Development and Application of Gold-lipidic Nanocomposites to Enhance Chemotherapeutic Delivery and Release
By: Christina M. Pickering, Connor S. Dobson, Peter R. Panizzi, Allan E. David, Robert D. Arnold
Liposomal drug carriers are nano-scale, spherical particles with a phospholipid bilayer surrounding an aqueous core and are commonly used for chemotherapeutic delivery. Chemotherapy efficacy is limited by toxicity and tumor drug resistance; however, with increased circulation and improved tumor deposition due to the enhanced permeability and retention effect, liposomes increase treatment efficacy and reduce toxicity. However, the chemistry of many efficacious chemotherapeutics prevents their encapsulation within liposomes and poses a challenge for formulating treatments. To respond to this challenge, current drug research is aimed at the development of improved drug delivery technologies, particularly those carriers capable of multi-drug or component delivery because of their flexibility and high applicability.
I hypothesized that composite systems, gold nanoparticles within liposomes, may be used to improve drug delivery of both currently used therapeutics and ones traditionally incompatible with liposomal delivery. I formulated a novel gold-lipidic nanocomposite to capitalize on the drug delivery capabilities of liposomes and the facile conjugation of gold nanoparticles. I proposed new techniques for the formulation of nanocomposites comprised of 2 mm gold clusters capped with glutathione or mercaptosuccinic acid encapsulated within pegylated, long-circulating “stealth” liposomes.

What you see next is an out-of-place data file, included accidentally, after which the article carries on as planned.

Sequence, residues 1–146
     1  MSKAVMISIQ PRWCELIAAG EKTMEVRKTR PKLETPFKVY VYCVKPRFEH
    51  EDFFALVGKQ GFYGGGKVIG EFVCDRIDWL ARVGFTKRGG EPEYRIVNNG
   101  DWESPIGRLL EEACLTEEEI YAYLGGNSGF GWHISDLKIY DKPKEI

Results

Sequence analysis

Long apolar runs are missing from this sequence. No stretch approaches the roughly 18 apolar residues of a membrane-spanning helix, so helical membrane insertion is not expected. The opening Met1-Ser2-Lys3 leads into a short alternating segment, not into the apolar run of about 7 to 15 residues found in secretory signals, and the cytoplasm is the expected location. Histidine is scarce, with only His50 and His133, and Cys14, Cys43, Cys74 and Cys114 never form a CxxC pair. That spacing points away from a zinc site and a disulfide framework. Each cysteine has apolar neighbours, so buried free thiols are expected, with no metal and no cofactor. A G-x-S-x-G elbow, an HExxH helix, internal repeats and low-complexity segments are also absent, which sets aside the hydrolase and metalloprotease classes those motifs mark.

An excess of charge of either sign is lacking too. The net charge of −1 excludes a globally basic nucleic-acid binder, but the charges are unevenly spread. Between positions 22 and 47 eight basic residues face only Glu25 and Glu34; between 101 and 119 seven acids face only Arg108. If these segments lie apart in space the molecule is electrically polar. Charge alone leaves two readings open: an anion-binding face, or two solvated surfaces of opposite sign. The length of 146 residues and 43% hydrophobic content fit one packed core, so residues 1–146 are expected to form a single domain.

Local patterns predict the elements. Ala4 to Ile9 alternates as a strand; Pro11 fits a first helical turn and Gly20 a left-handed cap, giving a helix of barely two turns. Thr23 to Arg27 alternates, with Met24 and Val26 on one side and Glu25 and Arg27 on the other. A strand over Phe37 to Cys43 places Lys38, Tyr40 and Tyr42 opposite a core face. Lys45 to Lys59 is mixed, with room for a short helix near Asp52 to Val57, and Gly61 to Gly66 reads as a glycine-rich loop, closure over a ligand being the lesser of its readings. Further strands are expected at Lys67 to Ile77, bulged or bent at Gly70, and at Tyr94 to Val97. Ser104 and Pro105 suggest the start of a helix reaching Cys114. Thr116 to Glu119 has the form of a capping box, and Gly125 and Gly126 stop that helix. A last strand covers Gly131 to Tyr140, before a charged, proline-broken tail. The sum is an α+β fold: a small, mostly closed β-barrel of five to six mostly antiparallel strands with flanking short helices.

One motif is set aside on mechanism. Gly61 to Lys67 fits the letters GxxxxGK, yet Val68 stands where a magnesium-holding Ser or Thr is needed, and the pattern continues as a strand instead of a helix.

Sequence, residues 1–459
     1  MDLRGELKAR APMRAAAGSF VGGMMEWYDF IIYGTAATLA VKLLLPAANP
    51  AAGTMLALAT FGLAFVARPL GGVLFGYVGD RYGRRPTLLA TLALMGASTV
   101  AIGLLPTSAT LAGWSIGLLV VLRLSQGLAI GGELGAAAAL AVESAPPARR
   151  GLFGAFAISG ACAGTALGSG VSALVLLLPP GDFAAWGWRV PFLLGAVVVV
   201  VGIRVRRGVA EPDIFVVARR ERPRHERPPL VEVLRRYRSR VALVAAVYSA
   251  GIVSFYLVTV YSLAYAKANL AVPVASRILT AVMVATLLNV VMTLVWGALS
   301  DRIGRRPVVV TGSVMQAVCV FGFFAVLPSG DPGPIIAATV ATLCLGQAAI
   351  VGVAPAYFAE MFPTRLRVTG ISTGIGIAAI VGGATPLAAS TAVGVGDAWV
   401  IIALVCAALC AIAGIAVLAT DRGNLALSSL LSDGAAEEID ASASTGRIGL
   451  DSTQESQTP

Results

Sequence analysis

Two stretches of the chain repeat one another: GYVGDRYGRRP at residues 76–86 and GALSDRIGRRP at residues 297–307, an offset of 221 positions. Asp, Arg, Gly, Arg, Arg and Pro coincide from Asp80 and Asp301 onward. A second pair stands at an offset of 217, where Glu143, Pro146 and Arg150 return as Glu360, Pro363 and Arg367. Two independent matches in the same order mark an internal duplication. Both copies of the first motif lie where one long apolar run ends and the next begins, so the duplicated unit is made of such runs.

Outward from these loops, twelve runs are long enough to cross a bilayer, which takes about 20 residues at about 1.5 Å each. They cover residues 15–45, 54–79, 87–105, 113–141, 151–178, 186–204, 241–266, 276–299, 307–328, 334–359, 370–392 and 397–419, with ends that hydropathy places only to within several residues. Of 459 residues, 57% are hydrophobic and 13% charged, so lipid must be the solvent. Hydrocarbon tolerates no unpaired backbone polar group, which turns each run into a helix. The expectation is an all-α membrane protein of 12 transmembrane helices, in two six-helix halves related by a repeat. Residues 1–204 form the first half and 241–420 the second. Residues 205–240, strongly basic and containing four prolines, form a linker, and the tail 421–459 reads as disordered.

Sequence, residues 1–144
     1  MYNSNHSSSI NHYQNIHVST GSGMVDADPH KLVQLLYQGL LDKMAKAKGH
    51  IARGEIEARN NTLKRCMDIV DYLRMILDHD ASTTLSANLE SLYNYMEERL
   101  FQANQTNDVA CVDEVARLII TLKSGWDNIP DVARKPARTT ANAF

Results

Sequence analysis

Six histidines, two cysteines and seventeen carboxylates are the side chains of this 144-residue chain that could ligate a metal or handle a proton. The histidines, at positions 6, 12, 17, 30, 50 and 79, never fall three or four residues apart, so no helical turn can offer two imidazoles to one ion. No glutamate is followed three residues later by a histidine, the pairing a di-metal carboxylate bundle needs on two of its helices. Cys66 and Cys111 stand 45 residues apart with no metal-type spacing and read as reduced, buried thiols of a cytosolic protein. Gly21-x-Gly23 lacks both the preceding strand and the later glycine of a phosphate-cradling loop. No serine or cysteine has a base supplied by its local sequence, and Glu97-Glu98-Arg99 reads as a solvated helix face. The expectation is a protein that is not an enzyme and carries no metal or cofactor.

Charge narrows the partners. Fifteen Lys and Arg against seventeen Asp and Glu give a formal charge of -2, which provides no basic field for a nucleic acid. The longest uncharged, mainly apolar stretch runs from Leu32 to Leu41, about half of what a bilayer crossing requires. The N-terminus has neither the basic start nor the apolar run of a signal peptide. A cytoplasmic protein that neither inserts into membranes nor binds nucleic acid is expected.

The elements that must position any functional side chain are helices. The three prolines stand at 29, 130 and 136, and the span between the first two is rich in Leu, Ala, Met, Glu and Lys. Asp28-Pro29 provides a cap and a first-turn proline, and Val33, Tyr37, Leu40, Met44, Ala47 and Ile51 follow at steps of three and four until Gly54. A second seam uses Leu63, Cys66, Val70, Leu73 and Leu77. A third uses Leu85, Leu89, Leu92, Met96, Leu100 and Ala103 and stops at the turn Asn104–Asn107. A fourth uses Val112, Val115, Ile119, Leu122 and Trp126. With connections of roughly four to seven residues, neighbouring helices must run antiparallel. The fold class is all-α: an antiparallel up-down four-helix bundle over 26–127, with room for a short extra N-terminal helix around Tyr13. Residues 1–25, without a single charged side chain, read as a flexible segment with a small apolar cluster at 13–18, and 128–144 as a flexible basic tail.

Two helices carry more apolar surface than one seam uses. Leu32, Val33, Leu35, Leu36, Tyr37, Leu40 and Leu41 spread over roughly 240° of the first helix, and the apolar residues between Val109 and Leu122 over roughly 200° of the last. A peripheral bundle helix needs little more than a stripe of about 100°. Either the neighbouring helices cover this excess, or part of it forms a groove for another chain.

Figure 1 displays the techniques used to formulate the gold-lipidic nanocomposites. Physical characterization was completed using atomic absorption spectroscopy (gold quantification), dynamic light scattering (size distribution), and cell metabolic assays (cytotoxicity). I also studied separation methods for the removal of unencapsulated gold. These nanocomposites can be produced by a simple, scalable method with narrow size distributions around 100 nm and consistent nanoparticle encapsulation. I tested the resulting encapsulation and proposed alternative separation methods to counteract the problems encountered with the dialysis method used in this study.
As part of this study, I compared intracellular uptake and in vivo biodistribution of the gold-lipidic nanocomposites to the standard liposomes. These data support my hypothesis that gold-lipidic nanocomposites can be prepared and they justify preclinical in vivo studies in murine models of human tumors to improve cancer treatment. While there were no differences in intracellular uptake between the standard liposomes and the nanocomposites, we did observe altered tumor deposition relative to tumor volume in nanocomposites compared to traditional liposomes. The initial results were ultimately very favorable and indicate much potential for future work in this area.
Future aims on the project include the co-encapsulation of gold nanoparticles and model chemotherapeutic in liposomes, investigation of the effect of gold nanoparticles on drug encapsulation and release, covalent linkage of paclitaxel to gold to enhance stability and tumor deposition, and exploration of multispectral opto-acoustic tomography to examine the ability of the targeted particles to identify metastasis and improve anti-tumor activity.
Statement of Research Advisor
Christy’s research focused on the development of multifunctional nanomedicines to identify and treat primary cancers and metastatic disease using imaging probes and optimizing drug release. Her research will advance the development of composite nanomedicines that permit multi-modal imaging (e.g., optical, ultrasound and MRI) and can be tailored to improve concomitant delivery of multiple therapeutic agents simultaneously
—Robert “Rusty” Arnold, Drug Development and Delivery
Last modified: November 17, 2016